Fall 2020 Courses Addressing Racism

Race Matters! How Race and Racism Affect Health and Medicine

Chelsey Carter
(U69 Anthro 308M)

This courses grapples with the relationship between race, racism, health, and medicine-both in the United States and abroad. It examines the historical roots of medical racism, the role of medical and genetic research in constructing and deconstructing race as a biological concept, and the ways that systemic racism harms health. This course will also consider how race operates with other intersecting social and political identities (such as ethnicity, age, sex, gender, sexual orientation, class, disability, and more) to influence health outcomes. While anthropological and critical race theories will frame our learning, we will read broadly across other disciplines including (but not limited to), sociology, history of medicine, law, public health, and science and technology studies.

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Theoretical Foundations of the Movement for Black Lives 

Siddhant Issar
(U25 PolSci 330)

This course explores the theoretical underpinnings of the Black Lives Matter (BLM) movement and the Movement for Black Lives (M4BL) policy platform. Since its emergence, BLM has articulated an intersectional critique of anti-black violence in the United States (and, to a certain extent, globally). BLM and the larger M4BL coalition provide an in-depth analysis of the specific ways structures of oppression such as white supremacy, patriarchy, and racial capitalism affect Black populations. By historically, theoretically, and politically situating BLM and the M4BL policy platform in the context of Black radical thought, including but not limited to abolitionist thought, intersectionality, and conceptualizations of racial capitalism, we will trace the ways BLM and M4BL adopt and build on various lineages of critique to diagnose contemporary forms of anti-black violence.

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Decoding the City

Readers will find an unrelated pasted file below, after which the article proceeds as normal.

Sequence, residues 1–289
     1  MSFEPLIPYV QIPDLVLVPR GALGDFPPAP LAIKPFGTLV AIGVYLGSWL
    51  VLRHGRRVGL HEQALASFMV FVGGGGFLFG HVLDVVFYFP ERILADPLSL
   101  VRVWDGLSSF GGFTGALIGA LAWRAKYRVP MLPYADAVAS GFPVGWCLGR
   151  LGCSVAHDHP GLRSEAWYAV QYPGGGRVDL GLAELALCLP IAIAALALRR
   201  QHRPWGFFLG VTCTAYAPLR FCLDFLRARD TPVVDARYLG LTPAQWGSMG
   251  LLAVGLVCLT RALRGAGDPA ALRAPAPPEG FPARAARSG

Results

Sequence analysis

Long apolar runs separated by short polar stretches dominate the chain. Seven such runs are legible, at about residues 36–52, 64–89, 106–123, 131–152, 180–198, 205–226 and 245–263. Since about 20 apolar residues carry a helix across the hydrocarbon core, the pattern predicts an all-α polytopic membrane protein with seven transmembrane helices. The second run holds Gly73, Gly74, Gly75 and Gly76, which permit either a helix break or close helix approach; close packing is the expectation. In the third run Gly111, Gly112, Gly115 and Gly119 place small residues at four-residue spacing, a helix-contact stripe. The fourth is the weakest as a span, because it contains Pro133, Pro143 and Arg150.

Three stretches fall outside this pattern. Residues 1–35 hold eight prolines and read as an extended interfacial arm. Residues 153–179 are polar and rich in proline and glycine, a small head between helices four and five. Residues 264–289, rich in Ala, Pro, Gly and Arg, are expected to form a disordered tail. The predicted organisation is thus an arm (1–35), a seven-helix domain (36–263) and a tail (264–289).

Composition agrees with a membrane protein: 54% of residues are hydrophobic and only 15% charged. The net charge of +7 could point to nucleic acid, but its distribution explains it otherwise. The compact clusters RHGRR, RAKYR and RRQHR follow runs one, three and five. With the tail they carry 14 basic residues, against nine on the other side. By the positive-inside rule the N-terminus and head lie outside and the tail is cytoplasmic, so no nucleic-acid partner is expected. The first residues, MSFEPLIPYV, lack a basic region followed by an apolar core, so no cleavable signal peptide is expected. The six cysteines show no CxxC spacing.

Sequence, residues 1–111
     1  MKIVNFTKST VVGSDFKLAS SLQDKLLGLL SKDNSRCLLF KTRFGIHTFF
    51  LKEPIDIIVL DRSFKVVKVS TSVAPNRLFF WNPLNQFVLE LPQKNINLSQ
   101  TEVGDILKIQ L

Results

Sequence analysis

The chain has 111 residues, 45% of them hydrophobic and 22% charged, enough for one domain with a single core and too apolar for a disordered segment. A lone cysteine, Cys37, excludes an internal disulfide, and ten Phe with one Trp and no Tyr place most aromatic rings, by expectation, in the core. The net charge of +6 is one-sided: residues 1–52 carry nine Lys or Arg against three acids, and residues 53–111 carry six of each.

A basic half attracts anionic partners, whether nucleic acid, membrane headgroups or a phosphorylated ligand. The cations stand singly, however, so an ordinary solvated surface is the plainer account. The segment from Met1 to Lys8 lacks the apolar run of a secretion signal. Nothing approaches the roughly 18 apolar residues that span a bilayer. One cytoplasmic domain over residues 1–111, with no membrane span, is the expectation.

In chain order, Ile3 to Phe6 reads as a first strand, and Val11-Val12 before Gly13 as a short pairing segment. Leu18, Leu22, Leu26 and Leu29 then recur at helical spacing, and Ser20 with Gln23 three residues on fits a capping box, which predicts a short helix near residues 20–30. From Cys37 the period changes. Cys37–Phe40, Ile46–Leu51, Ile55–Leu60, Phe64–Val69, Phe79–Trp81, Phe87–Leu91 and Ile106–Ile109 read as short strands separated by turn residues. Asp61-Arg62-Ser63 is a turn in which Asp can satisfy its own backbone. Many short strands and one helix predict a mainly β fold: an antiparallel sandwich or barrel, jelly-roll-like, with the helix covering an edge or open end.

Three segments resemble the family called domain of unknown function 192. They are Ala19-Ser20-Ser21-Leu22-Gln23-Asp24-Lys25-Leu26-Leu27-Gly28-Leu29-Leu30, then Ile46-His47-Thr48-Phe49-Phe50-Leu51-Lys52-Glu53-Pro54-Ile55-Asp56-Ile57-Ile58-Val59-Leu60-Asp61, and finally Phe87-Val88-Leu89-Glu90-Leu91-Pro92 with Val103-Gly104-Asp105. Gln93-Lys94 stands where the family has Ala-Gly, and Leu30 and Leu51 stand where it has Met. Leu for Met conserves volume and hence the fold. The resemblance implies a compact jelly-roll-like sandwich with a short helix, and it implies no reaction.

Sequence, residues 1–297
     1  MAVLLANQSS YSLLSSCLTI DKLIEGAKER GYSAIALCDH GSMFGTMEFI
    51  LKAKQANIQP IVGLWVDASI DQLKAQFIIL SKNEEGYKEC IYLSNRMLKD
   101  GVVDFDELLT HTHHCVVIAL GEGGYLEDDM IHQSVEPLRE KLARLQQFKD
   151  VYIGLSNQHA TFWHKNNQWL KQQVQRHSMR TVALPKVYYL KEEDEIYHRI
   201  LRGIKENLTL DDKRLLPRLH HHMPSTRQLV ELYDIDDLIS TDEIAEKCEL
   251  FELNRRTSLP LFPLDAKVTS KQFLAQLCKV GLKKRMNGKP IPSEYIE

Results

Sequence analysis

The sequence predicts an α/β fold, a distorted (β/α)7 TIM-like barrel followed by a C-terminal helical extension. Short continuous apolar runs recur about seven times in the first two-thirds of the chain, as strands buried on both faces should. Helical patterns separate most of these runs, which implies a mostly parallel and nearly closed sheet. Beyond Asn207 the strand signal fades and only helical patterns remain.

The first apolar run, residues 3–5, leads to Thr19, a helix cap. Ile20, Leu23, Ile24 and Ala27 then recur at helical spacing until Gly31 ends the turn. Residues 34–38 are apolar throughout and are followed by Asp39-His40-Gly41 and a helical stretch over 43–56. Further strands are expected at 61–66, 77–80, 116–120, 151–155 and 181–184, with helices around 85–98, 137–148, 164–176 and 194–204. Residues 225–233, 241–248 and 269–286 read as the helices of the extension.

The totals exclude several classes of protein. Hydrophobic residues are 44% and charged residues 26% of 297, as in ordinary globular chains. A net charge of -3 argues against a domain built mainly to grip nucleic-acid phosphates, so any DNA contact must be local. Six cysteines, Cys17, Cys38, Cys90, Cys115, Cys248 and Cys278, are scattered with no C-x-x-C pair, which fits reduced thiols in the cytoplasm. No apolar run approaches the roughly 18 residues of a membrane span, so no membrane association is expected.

Michael Allen
(U89 AMCS 492)

Does the space between a house and the sidewalk tell you something about class? Does a vacant lot on a dead-end street record the forced relocation of thousands of black residents? Can street names narrate the relationship between the growth of the city and national narratives of immigrant assimilation, continental expansion and world wars? The answer to these questions is yes, but it is far from obvious. The built environment of an American city like St. Louis can seem opaque and silent, when actually it is laden with social, economic, political, gender and racial meanings. This course unpacks St. Louis' built environment by drawing broad historic and theoretical readings on urban space to specific local sites. Readings will assist students in the interrogation of actual places in St. Louis through field visits, so that the streets become unquiet and the embedded meanings in plain sight. This is a hybrid course, with an online discussion component and weekly field work sessions.

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Introduction to Global Health

Alaina Schneider
(U69 Anthro 3281)

This course provides a general introduction to the field of public health. It examines the philosophy, history, organization, functions, activities, and results of public health research and practice. Case studies include infectious and chronic diseases, mental health, maternal and reproductive health, food safety and nutrition, environmental health, and global public health. Students are encouraged to look at health issues from a systemic and population level perspective, and to think critically about health systems and problems, especially health disparities and health care delivery to diverse populations. No background in anthropology or public health is required.

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